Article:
The Boeing NMA is dead. Long live the NMA?
With the change of leadership at Boeing, a new tone has set in. With a conservative approach to the eventual 737 MAX ungrounding and a defense of the culture within the company, David Calhoun’s first week as the Chief Executive of the company sounded promising for the company to get back on track. While only time will tell what kind of direction Boeing will take, one thing was clear from the new CEO’s first teleconference with the press and a webcast with the manufacturer’s workforce ‒ the Boeing New Midsize Airplane (NMA) as we know it, is dead.
“We might have to start with the flight control philosophy before we actually get to the airplane,” Calhoun said. Pointing out Boeing’s pilot-first approach to the flight controls of its aircraft, he added that the company would need to “get our heads around exactly what we want,” as it develops a new, clean-sheet design for its approach to the middle market. “We are going to start with a clean sheet of paper, again,” Calhoun stated.
On the other side of the ocean, champagne corks are flying around as Airbus celebrates its success with the A321XLR. Airbus extended the range of the aircraft, based on its A321 design, with a new Rear Centre Tank (RCT), a modified landing gear which brought up the Maximum Take-Off Weight (MTOW) to 101 tones and an optimized trailing-edge flap to keep the same take-off performance as the A321neo.
With a range of 4,700 nautical miles (8,700 kilometers) and the ability to carry up to 244 passengers in a single-class layout, the A321XLR is seemingly perfectly catered towards the future of the aviation industry: with the hub-and-spoke system slowly fading away, airlines will be able to stimulate point-to-point traffic on long-haul distances by offering routes that were previously fairly inconvenient, as travelers have to transfer through hubs.
Much like the Boeing 757 does right now or the Airbus A321XLR plans to do when it enters service in 2023, a direct competitor to the NMA.
Current role of the 757 and A321LR
Despite Boeing introducing the 757 in 1983 with Eastern Air Lines, the product is still widely popular with airlines. Out of 1,049 total built aircraft, commercial airlines still operate more than a third of the total produced aircraft, not including the 300-strong fleet of freighters.
For instance, one Delta Air Lines Boeing 757-200 that was badly bent during a rough landing in Ponta Delgada Airport, Portugal (PDL) in August 2019 was repaired and continues flying to this day, despite the fact that it is already 23 years old, Flightradar24.com data indicates.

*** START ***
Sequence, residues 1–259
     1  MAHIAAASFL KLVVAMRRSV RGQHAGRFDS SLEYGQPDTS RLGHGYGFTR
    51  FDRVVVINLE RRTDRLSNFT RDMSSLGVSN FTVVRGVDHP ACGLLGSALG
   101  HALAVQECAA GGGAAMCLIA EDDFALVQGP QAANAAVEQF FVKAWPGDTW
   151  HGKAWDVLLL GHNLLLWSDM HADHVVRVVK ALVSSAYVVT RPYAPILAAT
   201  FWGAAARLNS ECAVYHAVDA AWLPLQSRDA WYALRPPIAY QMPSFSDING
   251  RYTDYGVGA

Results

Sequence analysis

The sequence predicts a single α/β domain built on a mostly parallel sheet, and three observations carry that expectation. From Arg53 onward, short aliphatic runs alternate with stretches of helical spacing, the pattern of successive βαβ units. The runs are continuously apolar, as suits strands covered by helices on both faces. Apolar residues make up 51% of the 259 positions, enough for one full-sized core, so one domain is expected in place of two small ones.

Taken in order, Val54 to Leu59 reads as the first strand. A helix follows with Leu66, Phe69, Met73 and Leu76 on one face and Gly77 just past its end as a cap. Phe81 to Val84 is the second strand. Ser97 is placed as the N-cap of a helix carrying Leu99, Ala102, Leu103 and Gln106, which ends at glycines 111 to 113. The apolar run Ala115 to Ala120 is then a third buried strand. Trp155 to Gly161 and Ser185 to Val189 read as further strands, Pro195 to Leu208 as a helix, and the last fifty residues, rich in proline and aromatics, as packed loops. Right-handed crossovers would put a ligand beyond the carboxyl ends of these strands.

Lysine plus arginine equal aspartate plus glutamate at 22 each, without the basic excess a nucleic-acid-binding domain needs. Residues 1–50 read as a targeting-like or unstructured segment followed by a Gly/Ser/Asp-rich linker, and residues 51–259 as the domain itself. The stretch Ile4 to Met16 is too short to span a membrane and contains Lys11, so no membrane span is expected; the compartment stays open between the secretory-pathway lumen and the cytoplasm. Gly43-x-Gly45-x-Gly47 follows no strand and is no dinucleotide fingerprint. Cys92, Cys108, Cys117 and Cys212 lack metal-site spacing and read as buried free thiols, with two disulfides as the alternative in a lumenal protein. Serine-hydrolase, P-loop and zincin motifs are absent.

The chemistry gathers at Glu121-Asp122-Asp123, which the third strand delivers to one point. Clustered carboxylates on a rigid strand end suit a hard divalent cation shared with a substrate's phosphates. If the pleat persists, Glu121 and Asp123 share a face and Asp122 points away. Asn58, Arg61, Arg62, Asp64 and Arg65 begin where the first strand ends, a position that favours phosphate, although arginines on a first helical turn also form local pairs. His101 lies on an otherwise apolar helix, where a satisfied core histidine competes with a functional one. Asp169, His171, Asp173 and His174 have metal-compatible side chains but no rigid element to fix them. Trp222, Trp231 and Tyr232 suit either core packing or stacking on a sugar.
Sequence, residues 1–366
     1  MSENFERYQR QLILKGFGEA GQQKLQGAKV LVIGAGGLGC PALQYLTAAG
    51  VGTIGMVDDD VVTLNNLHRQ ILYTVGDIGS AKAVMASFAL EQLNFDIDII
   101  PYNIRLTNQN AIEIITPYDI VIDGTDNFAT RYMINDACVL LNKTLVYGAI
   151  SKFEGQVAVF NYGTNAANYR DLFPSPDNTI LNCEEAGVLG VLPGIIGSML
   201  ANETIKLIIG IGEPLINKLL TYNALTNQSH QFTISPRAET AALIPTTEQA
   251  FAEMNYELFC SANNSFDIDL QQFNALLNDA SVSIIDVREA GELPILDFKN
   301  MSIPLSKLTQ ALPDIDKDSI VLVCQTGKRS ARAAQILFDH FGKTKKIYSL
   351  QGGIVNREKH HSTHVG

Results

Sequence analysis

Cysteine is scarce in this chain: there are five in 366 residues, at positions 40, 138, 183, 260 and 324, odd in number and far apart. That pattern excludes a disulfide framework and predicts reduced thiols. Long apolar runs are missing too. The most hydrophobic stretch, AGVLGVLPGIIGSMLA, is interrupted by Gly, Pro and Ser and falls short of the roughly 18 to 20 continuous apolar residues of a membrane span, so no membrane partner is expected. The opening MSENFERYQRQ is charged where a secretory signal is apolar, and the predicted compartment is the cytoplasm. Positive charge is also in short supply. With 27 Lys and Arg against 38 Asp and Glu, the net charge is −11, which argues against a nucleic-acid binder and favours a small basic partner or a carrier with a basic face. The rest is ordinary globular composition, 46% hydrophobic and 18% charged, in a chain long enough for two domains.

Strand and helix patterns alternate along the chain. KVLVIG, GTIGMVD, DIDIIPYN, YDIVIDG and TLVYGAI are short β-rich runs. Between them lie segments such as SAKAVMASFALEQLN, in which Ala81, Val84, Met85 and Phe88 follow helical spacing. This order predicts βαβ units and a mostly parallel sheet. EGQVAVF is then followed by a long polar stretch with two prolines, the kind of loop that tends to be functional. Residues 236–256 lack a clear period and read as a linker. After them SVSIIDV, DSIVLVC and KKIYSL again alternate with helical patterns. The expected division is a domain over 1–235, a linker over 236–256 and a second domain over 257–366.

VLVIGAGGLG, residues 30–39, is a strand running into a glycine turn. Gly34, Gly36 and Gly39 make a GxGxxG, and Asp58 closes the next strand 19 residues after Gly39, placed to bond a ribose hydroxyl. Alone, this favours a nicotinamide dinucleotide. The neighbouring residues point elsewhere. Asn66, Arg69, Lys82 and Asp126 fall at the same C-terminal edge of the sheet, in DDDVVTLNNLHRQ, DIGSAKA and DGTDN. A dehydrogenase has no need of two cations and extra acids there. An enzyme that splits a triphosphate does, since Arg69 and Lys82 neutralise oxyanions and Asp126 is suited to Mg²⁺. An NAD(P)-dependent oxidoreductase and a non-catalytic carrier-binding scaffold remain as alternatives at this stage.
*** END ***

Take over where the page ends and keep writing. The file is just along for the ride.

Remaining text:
During the summer, Delta Air Lines plans to increase its transatlantic flights from Boston Logan International Airport (BOS) and the majority of the increased presence will be associated with the 757, indicated the airport’s summer schedule.
Furthermore, jetBlue, Boston’s number one airline by market share, announced its plans to enter the Transatlantic market in 2021. It’s choice of aircraft? The Airbus A321LR.
Another carrier, namely Scandinavian Airlines System (SAS) also indicated that it plans to convert its summer-only Copenhagen, Denmark (CPH) and Logan International (BOS) to a year-round service. While during the summer it will fly the Airbus A330 on the route, during the lower demand months the A321LR will connect the Danish and the Massachusetts capital cities.
But the 757 is an aging product, one that needs to be replaced: Boeing ceased production of the Flying Pencil in 2004, during a fairly difficult and fragile time at the company, as the whole United States aviation sector was just starting to recover from the September 11 attacks.
Arkia Airlines, a relatively small-scale carrier based in Israel, found the perfect replacement for the 757: the A321LR. Former Chief Executive Officer of the company Nir Dagan, who resigned just three days ago on January 21, 2020, said that Airbus’ equivalent to the 757 is “one of a kind,” as Arkia “found a [single-aisle] aircraft that is more efficient than the 757-300,” reported FlightGlobal in November 2018.
A much larger scale operator, United Airlines, opted for 50 Airbus A321XLR to replace its Flying Pencils. Andrew Nocella, Executive Vice President and Chief Commercial Officer of the Chicago-based airline, noted that the A321XLR is “an ideal one-for-one replacement for the older, less-efficient aircraft currently operating,” with the range capabilities of the aircraft allowing United to “further develop our route network and provide customers with more options to travel the globe,” added Nocella.